##### by Collyn Rivers

## Connecting Caravan Batteries

Connecting caravan batteries is often misunderstood. This article explains what’s possible, and why and how to do it successfully.

A typical caravan has an ongoing need for *energy*. And an occasional need for (high)* power.* Knowing the difference between energy and power truly assists.

**Energy** is the *ability* to perform work. It was originally estimated that a brewery horse could typically lift 33,000 pounds one foot in one minute. That amount of energy was thus called one horsepower. This now mostly expressed in watts. (About 750 watts is one horsepower).

**Power** is the* rate* at which energy is used to perform work. If that 750 watts is drawn for one hour, it’s expressed as 750-watt hours.

That brewery horse’s one-minute lifting is equalled, in a few hours, by a child. Horse and child exert equal *energy.* But the horse needs far more *power.*

Battery usage is similar. A starter battery is thus horse-like. It can exert high power. Starting a car engine however, takes only two/three seconds. The *energy* expended is tiny. It’s about that used by a 12 watt LED in ten minutes.

A deep cycle battery, contrarily, is akin to a marathon runner. Less ‘power’ but energy can be expended far longer.

### Connecting caravan batteries – ensuring enough energy and power

As explained above – most caravan batteries have two main (but different) requirements.

1. Enough* power* to cope with high peak loads.

2. Enough *energy* to cope whilst away from 230 volts etc.

This can be addressed in two main (but different) ways.

### Different batteries – different characteristics

Increasing battery capacity increases available power. And, virtually by definition, more energy. There are, however, downsides. You must, for example, have the ability to recharge them. That charging must be both deep and fast.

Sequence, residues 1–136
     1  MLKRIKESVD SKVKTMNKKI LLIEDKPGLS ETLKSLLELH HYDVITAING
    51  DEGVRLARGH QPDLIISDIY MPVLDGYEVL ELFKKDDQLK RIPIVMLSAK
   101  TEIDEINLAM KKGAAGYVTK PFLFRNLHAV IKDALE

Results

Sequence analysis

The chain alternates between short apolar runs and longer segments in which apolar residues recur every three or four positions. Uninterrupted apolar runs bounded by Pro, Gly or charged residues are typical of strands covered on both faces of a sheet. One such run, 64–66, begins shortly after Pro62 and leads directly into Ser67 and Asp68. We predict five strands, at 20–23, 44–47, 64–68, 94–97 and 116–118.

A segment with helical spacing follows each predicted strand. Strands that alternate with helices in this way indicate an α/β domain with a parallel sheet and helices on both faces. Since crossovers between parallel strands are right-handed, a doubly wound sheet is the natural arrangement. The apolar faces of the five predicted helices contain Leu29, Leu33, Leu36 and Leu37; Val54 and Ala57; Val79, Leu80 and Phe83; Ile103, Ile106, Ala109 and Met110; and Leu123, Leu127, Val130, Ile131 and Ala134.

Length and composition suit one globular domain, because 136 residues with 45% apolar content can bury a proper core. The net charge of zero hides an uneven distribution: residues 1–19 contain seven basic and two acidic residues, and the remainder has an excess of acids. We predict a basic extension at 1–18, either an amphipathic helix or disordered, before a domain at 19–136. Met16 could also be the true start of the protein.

Lead-acid deep cycle batteries are heavy. Twelve-volt versions weigh about 25 kg/100 amp hour. Their life is greatly reduced by frequent deep discharging. Their plus side is (relatively) low price. Plus ready availability.

AGM batteries are a compromise. They are physically rugged – thus suited to off-road use. AGMs can supply higher power than conventional batteries. They maintain charge far longer (12 months plus in cool climates). AGM batteries, however, are even heavier than conventional batteries. Discharge needs limiting to about 50%. If exceeded, their life is thereby curtailed. And they cost a lot more. (Gel cell batteries are similar – but less often used.)

Any 12-volt LiFePO4 battery above 18 amp-hour supplies RVs peak power with ease. The energy capacity needed, however. is slightly less. This is because they can be routinely discharged to 10%-20% remaining. Another benefit is that (in RV use) they rarely drop below about 12.9 volts. They are about 35% of the weight and bulk. On the downside, they cost far more. They must also have effective individual cell management. Buy only from vendors who truly understand them. These are, however, rare.

In practice, a 300 plus amp hour AGM battery will provide the peak power required for any RV. It also has ample energy capacity. AGM batteries are thus a good choice if space and weight permits

**Connecting caravan batteries **

To ease handling, (or obtain higher voltage, or higher current) batteries can be connected together. There are two main ways of doing so.

**Series:** consecutively positive to negative. Total battery voltage is the sum of each individual battery voltage. The total current is that of the battery that produces the least current. For example, were all batteries 100 amp hour, but one 50 amp hour, the total output would be 50 amp hour.

**Parallel:** positive to positive, and negative to negative.

Here, all batteries must be the same voltage but can be of widely different *capacity*. The available current and capacity is the sum of each individual’s current and capacity.

When connecting caravan batteries in parallel, it is, for example, just fine to parallel a 12 volt 10 amp hour battery across a 12 volt 500 amp hour battery bank. The result is a 12 volt 510 amp hour battery bank.